Tuesday, March 24, 2020


Raj Chakrapani (MFA creative writing '17) is the winner of a Fulbright Study/Research Arts grant to Romania for 2020-21

Raj Chakrapani

Hometown: Cerritos, California
Award: 2020-21 Fulbright Study/Research Arts grant to Romania
Degree: MFA creative writing 

Could you give me a brief synopsis of what you'll be doing with your Fulbright?

I will be translating from Romanian into English an anthology of contemporary poetry from women and Roma writers. The anthology will also have interviews and manifestos (from the poets themselves) which will provide context to the poems. My aim is to represent poets who write in experimental styles, from marginalized perspectives, and who challenge the canon of Romanian and European poetry.

What drew you to this field of study?

I spent three years as a Peace Corps volunteer in Romania and during this time I remember reading Mircea Eliade, Gellu Naum, and Mihai Eminescu, to name a few Romanian writers who stuck in my mind from that time. Years later when I was at the Iowa Writers' Workshop writing poems in English I took two translation workshops by the International Writing Program. I met Andra Rotaru, a Romanian poet, who was part of the International Writing Program cohort when I was in the Iowa Writers’ Workshop. I made a film with Andra Rotaru about the whole International Program Writing which is on the IWP website. The film in many ways paved the way for a life-long artistic collaboration with Andra Rotaru, which so far includes film, translation, and a literary magazine. I also had the good fortune to attend many events from the translation program run by Professor Aron Aji, director of the UI MFA in literary translation. During these events and workshops, I felt included in the discussion of international literature even though at the time I did not consider myself a translator, let alone someone who might read in another language. The discussions about translation didn't take anything for granted about the author of the text. I knew I was an international writer, that is to say, even though I wrote in English my poems drew from experiences in India, where my parents are from and from Romania, where I spend a great deal of time.. It took me some time to figure out how to develop this connection to bilingual poetry, first I had to let go of the idea that I could work in only one genre.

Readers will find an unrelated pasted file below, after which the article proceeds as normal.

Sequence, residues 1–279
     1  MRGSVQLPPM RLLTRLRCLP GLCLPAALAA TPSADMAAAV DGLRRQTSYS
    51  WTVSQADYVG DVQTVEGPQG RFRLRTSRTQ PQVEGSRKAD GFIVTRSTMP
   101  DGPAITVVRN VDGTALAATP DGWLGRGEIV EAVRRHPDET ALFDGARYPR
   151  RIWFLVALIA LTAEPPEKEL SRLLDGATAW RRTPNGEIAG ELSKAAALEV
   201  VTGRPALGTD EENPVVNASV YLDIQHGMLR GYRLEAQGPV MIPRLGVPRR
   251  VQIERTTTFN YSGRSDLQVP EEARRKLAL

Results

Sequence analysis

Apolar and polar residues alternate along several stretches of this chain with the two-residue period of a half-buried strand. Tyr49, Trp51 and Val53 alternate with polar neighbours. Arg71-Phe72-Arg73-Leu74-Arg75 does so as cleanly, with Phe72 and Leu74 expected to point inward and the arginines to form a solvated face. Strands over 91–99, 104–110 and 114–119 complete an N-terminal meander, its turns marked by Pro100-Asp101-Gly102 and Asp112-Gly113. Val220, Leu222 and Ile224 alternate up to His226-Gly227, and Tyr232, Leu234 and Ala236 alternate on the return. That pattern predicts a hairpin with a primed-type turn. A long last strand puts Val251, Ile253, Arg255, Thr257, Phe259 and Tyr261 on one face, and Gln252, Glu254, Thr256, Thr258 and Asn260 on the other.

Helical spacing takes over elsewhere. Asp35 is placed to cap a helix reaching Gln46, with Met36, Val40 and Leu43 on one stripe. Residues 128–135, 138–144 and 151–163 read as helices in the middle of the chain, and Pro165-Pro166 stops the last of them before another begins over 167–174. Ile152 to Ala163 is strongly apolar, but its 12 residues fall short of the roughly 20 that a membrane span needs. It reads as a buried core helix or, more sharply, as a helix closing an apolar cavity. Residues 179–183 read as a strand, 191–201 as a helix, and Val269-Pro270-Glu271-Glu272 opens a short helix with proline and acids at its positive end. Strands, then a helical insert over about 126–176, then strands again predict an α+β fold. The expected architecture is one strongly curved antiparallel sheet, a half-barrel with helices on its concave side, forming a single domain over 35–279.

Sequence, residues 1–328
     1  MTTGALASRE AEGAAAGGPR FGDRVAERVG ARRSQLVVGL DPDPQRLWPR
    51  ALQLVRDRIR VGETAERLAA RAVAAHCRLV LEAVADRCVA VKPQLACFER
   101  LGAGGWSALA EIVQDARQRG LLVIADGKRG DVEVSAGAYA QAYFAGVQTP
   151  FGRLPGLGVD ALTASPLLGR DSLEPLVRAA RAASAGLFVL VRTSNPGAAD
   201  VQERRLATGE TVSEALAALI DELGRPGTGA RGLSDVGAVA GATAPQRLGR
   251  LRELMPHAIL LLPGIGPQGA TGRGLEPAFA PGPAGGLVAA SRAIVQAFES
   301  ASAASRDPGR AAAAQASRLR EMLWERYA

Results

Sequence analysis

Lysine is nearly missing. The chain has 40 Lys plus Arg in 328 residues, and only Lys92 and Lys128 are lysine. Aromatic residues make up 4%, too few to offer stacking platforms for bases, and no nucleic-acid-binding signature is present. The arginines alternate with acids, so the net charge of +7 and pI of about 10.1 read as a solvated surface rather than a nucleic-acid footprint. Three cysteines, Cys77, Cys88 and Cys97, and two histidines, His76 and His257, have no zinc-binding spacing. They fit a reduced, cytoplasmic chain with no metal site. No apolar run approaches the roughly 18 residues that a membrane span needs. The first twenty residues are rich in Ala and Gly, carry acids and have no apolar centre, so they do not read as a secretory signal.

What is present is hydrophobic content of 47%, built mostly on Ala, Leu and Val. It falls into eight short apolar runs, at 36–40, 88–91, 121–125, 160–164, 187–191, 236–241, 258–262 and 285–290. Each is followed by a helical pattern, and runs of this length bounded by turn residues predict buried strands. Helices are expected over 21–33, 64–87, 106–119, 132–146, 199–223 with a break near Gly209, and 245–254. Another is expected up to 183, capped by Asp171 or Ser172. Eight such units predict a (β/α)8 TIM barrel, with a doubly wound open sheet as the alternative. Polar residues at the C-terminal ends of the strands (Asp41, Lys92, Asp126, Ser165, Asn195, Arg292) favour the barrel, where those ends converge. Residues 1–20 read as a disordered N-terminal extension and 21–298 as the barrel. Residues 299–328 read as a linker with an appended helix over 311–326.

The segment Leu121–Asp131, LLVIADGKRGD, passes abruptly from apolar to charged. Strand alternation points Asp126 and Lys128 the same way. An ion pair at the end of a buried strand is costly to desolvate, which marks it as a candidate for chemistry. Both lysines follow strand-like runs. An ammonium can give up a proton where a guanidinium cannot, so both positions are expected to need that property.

"I'd like to reach out to immigrant communities and heritage speakers in the U.S. who may feel excluded from the wealth, grants, and scholarships that support artists."

How do you envision this will influence your future career?

I want to nurture creative writing communities in the spaces where I live which is part of the work I will be doing in Romania. As an immigrant whose parents and extended family expressed skepticism supporting my career in the arts, I did not become a writer through an academic process. I'd like to reach out to immigrant communities and heritage speakers in the U.S. who may feel excluded from the wealth, grants, and scholarships that support artists. I will apply for a PhD program that blends translation, creative writing, and digital media.

What advice do you have for future students interested in applying for a Fulbright?

For me, it boiled down to the strength of the project. The idea for my Fulbright came from a close relationship to Romania and awareness of the politics involved in the publishing industry and how difficult it is for me to discover writers who look like me or writers from Europe who are not from "major" languages like Spanish, French, and German. Karen Wachsmuth was extremely enthusiastic about my application and put me in touch with a small army of advisors and students who helped me through the whole process which took longer than I expected. I affectionately think of her as Momma Karen.

Are there individuals you'd like to thank for their investment in this process?

My first thanks go to my wife, Anca Roncea, who will be a co-translator for the project. She holds an MFA in poetry from the Iowa Writers’ Workshop and an MFA in literary translation from the University of Iowa. She is a Fulbright fellow from Romania to the USA. I'm grateful to my Indian parents and my Romanian in-laws for their emotional support. Karen Wachsmuth and Fulbright mentor, Spanish and Cinematic Arts Professor Kathleen Newman, went over revisions of my application and put my poetry language into State Department speech. Aron Aji expressed enthusiasm about the project from the beginning and pushed me to think more about mother tongues. Madhu Kaza's Kitchen Table Translation is what drew me to translation as a way of hospitality.

Explore the many funding opportunities open to Ui students and alumni

Students are encouraged to begin their funding searches and applications at least six months to one year in advance.  Schedule an advising appointment with Karen Wachsmuth to discuss your interest in an international fellowship or begin an application (as a UI undergraduate student, graduate student, or alumna/us).